The word, “culture,” covers a broad spectrum. Sometimes it’s easier to understand what falls under the umbrella of culture by drawing more definitive lines.
When you talk about culture, what can you expect this word and the discussion to encompass?
These 10 cultural universals will guide you.
10 Cultural Universals
- Geography – Location, location, location. Location defines so many aspects of a culture – from the clothing worn to the food prepared and eaten – that it would be remiss not to include geography when discussing culture. Consider the landscape of the region, the natural resources it offers, and of course the rich history generated from the region.
- Language – Language is significantly important to culture and can afford those studying culture some insight into what’s important to any given group (think: polite language, masculine/feminine use, slang, etc.). When discussing language, you should also consider the written language, body language, sign language, and numbers systems of the culture.
- Family – Family dynamics are a key part of cultural studies, from the roles of each family member, child to grandparent, to the rites of passage that members go through. Labor division across genders are also part of this cultural universal.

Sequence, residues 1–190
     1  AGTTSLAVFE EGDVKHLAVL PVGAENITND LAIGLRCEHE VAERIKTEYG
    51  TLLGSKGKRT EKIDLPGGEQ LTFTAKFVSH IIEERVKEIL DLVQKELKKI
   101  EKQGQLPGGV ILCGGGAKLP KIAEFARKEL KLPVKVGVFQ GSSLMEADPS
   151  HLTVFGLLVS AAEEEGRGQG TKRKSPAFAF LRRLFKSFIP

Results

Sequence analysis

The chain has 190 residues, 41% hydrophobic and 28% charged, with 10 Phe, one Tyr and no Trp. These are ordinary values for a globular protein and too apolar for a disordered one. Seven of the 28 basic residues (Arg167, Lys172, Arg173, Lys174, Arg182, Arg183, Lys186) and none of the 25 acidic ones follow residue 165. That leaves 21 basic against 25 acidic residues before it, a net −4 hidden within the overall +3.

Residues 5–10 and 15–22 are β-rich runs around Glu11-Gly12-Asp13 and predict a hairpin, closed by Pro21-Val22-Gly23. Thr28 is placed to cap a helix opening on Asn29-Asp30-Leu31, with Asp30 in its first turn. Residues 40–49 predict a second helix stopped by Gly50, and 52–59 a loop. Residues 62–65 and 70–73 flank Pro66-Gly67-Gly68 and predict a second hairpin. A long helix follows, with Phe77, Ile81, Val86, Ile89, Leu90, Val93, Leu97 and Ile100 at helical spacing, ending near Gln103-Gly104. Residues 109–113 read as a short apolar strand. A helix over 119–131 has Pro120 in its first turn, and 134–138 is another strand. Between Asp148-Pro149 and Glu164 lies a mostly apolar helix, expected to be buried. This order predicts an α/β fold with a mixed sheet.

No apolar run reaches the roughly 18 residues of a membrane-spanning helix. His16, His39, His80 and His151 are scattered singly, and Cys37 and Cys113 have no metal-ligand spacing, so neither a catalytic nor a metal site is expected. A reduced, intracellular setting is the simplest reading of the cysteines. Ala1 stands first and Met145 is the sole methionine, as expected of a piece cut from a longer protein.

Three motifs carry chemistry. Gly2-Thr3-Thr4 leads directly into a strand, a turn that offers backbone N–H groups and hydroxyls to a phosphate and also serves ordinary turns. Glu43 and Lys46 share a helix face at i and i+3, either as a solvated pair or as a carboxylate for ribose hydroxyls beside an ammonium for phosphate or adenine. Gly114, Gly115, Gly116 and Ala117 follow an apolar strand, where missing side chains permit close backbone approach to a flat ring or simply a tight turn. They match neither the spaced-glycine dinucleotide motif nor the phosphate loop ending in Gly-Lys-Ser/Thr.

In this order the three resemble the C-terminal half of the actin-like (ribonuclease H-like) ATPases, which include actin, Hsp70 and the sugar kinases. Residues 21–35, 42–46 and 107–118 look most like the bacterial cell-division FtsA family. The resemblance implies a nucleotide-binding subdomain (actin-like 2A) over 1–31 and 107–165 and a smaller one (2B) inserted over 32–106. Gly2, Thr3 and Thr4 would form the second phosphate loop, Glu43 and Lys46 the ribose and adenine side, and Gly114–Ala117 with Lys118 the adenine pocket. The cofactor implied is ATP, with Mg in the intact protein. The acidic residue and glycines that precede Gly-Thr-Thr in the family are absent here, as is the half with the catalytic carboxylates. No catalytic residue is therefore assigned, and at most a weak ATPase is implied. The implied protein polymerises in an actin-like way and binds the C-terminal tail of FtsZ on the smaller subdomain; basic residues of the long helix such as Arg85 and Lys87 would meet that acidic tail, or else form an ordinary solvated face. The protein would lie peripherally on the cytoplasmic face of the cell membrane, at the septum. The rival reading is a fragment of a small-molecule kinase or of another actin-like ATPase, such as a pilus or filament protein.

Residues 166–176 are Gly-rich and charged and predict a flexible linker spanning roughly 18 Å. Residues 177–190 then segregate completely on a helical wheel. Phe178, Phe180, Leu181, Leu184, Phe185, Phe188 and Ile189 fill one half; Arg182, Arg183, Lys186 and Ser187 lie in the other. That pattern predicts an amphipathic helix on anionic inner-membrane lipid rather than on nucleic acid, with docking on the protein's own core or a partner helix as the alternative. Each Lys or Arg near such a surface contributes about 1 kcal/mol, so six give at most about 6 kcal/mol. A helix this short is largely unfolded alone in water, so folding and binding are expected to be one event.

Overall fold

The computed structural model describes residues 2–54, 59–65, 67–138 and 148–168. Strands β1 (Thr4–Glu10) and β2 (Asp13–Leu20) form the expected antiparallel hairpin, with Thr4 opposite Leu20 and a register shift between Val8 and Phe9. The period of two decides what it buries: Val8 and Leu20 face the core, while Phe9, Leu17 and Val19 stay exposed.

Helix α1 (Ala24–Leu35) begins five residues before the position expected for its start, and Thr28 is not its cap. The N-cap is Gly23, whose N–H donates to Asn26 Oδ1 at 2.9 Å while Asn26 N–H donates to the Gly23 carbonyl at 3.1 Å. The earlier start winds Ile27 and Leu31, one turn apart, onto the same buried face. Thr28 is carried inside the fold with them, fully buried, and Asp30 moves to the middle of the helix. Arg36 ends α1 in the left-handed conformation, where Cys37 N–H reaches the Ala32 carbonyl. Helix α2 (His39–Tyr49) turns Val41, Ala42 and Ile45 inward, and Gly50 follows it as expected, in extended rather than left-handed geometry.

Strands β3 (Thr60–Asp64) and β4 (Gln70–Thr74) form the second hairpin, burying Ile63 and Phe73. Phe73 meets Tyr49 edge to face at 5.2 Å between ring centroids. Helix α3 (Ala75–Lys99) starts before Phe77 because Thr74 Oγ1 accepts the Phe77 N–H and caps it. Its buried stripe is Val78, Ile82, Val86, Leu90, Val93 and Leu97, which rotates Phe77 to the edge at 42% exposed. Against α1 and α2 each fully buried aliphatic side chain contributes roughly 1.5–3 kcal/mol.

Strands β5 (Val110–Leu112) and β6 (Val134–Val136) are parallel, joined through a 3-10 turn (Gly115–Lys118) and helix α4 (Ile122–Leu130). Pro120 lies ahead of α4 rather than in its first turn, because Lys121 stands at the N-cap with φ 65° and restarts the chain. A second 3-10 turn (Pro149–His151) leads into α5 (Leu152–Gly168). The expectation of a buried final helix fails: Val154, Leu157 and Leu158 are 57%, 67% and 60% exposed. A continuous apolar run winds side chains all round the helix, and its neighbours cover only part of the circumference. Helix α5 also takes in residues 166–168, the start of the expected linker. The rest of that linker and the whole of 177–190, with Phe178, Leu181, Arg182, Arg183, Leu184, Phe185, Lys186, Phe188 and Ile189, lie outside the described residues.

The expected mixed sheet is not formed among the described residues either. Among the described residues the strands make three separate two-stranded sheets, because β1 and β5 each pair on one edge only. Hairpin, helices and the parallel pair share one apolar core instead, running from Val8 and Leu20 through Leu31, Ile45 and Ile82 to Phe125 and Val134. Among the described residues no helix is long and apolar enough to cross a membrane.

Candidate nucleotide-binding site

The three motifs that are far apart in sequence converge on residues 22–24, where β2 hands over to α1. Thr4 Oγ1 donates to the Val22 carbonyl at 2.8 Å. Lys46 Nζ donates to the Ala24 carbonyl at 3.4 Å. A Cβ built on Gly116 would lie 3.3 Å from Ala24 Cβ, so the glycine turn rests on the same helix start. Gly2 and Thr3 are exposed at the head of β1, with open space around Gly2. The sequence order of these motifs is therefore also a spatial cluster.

- FCTS (food, clothing, transport, shelter) – The basics of survival are arguably the very foundation of culture. Think architectural styles, building materials, modes of transport, traditional and everyday cuisine, traditional and everyday clothing, etc.
- VBR (values, beliefs, rituals) – We’ve talked extensively about values in this blog. That’s because they are the roots of every cultural baobab. This category also includes the rituals, beliefs, and religious practices of a culture, such as myths and legends, ceremonial rituals and holidays, and stances on contemporary science versus traditional beliefs.
- Economics – Jobs, the market, money, goods and services, production, consumption, and distribution are paramount to a culture’s development and quality of life, making a group’s economic circumstances a cultural universal.
- Education – This category includes not only formal education, but societal education – i.e. passing cultural values, survival skills, and various types of training onto the youth.
- Politics – The type of government and the organization of a society impacts all parts of culture, from rule of law to enforcement of these laws. The politics of a nation can also determine whether that nation is prone to war or peace.
- Technology – The degree of technology available to a culture – whether that technology be tools, weapons, digital advancement, etc. – contributes to all aspects of everyday life, as well as to the bigger picture, the way society runs.
- Cultural Expression – This is often the category one might first think of when they hear the word, “culture.” It includes art, music, literature, sport, etc. Every expressive aspect of a culture that brings it to life.
Now that you know what constitutes “culture,” we’ll put each of these universals under the microscope in the coming weeks.